What happens after I file preliminary objections in a credit card lawsuit?

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What happens after I file preliminary objections in a credit card lawsuit?

I was sued by a credit card company in December and filed preliminary objections. I have not heard anything from the court or the people suing me in 6 months. Are they waiting on something else from me or am I waiting for them? I thought they had to respond in so many days.

Asked on June 22, 2012 under Bankruptcy Law, Pennsylvania

Answers:

S.L,. Member, California Bar / FreeAdvice Contributing Attorney

Answered 10 years ago | Contributor

When you say "preliminary objections", are you referring to the answer to the complaint?  You should have filed an answer to the complaint (the complaint is the lawsuit attached to the summons) with the court and served a copy by mail on the opposing party or opposing party's attorney within the time set forth in the summons.  If you didn't file the answer to the complaint, the opposing party may have entered a default judgment against you.  This will be followed by enforcement of the judgment after a period of time by a wage garnishment, lien on your property, etc.  If a default was entered against you, you can file a motion to set aside the default.  If the court grants your motion, the case will be back on track and litigation will continue.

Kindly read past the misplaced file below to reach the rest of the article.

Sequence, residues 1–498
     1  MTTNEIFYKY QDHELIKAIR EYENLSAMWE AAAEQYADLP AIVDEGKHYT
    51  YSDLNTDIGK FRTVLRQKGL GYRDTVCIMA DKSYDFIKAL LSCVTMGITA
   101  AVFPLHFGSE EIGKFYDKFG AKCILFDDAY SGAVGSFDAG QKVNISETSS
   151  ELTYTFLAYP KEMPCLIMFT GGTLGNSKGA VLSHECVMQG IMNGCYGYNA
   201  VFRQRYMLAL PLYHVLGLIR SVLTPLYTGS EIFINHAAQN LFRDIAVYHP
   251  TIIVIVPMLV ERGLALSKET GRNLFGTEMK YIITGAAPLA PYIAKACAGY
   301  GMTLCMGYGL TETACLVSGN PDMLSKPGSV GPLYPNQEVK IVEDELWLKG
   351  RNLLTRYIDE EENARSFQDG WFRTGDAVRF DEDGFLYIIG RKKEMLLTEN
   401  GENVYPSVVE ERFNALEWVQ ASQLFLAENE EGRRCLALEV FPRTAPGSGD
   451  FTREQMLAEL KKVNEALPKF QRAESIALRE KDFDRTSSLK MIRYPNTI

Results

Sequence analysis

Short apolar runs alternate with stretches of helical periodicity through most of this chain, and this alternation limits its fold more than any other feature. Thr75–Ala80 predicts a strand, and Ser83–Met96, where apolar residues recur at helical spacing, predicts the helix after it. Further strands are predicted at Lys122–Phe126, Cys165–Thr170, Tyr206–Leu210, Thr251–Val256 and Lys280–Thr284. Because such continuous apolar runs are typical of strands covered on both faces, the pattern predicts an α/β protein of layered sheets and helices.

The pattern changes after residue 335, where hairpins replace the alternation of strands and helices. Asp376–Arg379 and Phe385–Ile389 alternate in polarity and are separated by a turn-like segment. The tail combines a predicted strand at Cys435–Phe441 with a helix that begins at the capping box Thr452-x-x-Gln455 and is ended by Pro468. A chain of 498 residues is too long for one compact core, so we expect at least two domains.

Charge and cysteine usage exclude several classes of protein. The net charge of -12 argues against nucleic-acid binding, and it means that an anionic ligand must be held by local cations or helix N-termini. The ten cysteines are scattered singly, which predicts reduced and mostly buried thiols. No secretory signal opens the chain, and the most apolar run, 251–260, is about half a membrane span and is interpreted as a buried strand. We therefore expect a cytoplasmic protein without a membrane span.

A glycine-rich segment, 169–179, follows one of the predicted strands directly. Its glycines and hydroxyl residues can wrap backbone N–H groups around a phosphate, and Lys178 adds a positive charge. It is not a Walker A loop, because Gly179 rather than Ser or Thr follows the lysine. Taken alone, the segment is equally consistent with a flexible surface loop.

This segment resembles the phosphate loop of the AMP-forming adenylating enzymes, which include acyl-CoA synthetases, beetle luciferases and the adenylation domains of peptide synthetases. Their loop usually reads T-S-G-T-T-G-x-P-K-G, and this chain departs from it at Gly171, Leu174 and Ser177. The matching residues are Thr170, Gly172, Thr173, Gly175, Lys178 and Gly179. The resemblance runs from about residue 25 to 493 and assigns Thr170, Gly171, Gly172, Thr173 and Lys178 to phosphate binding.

If you timely filed your answer to the complaint and haven't heard anything since, the case should be in the discovery phase of litigation and you should be receiving discovery requests such as interrogatories, request for production of documents, etc.  Unless there has been some oversight by the opposing party, you should have received discovery requests by now.

If you send discovery to the opposing party and the opposing party fails to respond in a timely manner, you can pursue a motion to compel further responses and request sanctions (court imposed fines).


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